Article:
Preoccupied with the agency of things, the material culture approach still places humans centre stage. However, the current state of planetary exhaustion and the escalating environmental crisis call for a different perspective, an entirely new paradigm: one that considers non-humans on equal terms, and considers the material world as commons shared by all biological and technological beings. This can be achieved through thinking in terms of Matter, rather than through Materials. First introduced within the Neuhaus programme for more-than-human knowledge (running between May—September 2019 at Het Nieuwe Instituut) this chapter is currently gaining in strength with a research project, Matter, focused on non-human centric and non-exploitative forms of engagement with materiality. More information about the Neuhaus curriculum and the outcomes of its learning trails can be found here.
So what does expanding the domain of material culture towards matter entail? Thinking in terms of products and materials still plays an important role within the design discourse, however this understanding often reduces the physical environment to an inert supplier of usable raw materials. If material (as a concept) is entirely subordinated to human productivity, matter is in everything that precedes and exceeds material, it has its own agency, vitality, function and meaning. At the same time, the operation of digital platforms and ubiquitous computation are deeply dependent on the material processes of transformation of matter, metallurgic alchemies and geopolitics of minerals. At DDW 2019, Het Nieuwe Instituut introduces this radical shift in perspective by posing a research question: how can designers develop approaches that are non-exploitative to our environment, and place multispecies interests at the centre of the design process?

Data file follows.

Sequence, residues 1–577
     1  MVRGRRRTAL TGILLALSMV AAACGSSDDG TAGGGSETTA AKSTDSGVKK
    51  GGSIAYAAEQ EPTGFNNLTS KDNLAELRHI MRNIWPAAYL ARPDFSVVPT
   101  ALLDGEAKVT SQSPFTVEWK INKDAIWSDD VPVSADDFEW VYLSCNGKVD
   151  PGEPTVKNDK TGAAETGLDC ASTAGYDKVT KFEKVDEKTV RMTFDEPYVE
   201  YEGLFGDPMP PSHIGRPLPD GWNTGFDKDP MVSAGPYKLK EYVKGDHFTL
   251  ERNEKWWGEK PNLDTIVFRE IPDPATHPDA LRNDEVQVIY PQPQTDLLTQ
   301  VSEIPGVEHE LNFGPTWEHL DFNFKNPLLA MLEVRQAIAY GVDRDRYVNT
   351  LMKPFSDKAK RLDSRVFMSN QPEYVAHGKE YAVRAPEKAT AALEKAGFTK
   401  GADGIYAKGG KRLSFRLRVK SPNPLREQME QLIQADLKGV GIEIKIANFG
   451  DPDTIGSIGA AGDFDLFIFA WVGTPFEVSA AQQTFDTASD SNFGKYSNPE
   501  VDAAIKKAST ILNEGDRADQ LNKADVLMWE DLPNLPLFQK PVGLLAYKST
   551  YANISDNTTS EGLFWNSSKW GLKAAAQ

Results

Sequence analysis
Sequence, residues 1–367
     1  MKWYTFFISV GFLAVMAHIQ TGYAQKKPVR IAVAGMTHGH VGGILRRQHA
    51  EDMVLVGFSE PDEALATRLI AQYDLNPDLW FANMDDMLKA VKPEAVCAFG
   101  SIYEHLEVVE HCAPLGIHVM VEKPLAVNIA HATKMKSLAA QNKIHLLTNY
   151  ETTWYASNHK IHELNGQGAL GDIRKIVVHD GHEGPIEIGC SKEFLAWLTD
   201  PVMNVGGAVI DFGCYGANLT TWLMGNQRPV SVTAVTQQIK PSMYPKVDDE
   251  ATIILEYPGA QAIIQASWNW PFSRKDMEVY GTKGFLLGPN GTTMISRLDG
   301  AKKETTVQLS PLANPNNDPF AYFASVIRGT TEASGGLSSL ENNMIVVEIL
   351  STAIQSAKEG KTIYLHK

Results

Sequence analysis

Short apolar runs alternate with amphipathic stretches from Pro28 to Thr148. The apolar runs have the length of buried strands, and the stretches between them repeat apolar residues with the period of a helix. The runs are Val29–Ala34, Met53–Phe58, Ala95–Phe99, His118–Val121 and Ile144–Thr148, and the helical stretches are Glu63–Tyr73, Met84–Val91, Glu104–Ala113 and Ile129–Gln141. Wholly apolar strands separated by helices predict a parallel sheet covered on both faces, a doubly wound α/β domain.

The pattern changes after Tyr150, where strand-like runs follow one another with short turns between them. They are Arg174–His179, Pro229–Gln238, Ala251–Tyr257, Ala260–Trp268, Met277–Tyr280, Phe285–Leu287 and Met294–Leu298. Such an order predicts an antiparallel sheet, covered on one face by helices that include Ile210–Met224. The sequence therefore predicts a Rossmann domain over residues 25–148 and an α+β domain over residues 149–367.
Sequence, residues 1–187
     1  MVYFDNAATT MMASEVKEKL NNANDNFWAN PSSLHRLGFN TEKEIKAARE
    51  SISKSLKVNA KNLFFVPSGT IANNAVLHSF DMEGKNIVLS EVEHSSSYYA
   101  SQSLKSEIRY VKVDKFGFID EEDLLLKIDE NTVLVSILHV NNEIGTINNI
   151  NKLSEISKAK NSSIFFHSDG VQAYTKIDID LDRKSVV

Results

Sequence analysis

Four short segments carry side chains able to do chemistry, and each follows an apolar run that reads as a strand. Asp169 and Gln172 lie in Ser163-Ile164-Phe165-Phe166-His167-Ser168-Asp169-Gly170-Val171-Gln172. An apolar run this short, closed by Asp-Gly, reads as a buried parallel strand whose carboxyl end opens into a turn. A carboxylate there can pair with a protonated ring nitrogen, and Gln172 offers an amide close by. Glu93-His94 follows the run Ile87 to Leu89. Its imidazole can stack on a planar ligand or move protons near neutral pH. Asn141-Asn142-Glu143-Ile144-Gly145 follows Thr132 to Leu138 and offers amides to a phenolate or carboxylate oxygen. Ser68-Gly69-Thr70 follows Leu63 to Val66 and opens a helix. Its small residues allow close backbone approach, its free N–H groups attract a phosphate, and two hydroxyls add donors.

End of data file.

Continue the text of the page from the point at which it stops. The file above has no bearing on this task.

One way to answer that is provided by Neuhaus x Het Collectief, a group of master students from Design Academy Eindhoven. Het Collectief was born out of UnKnown, a collective formed during the Neuhaus programme as an independent satellite. Moving away from products and prototypes as market-driven, trend-setting tools, the collective develops a set of probes: instruments to explore the unknown, and to reveal the invisible entanglements of objects with non-human agents. During DDW, the collective will present a second generation of Border Objects, artefacts that suggest the possibilities of moving beyond human-centred practices, and will assemble (and disassemble) new types of design instruments.
Another initiative that positions multispecies relationships at its centre is the Open Call for Venice that will be launched during the DDW by Het Nieuwe Instituut in collaboration with the Creative Industries Fund NL. The open call invites researchers and designers in the fields of architecture, urban design and landscape to think about the quality of cities from the perspective of more-than-human needs: from animals and plants to soil life and artificial cognitive systems. The selected projects will form the public parallel programme of the Dutch pavilion during the 17th International Architecture Exhibition of La Biennale di Venezia in 2020. An information session about the Open Call will be held during Dutch Design Week on 22 October 2019.
A new initiative: ‘Reading Sites’
The shifting position of the designer, the expanding role of design research and critical inquiry, as well as the changing status of objects and materials in the face of escalating environmental crisis have led to a new initiative by Het Nieuwe Instituut. An initiative that reconfirms the existing role of the institute and is geared towards stimulating critical reflection in the broader field of design and the creative industries. With this new initiative, titled 'Reading Sites’, Het Nieuwe Instituut will invite three researchers/writers to reflect on sites and projects by both formal and informal parties at the 2019 edition of Dutch Design Week. Het Nieuwe Instituut is interested in the way that individual projects could form a basis of a new commons, and open alternative narratives for collective, shared and non-exploitative futures. ‘Reading Sites: Dutch Design Week 2019’ is the first in a series of texts that will cover a variety of events in the design field. More details to follow soon.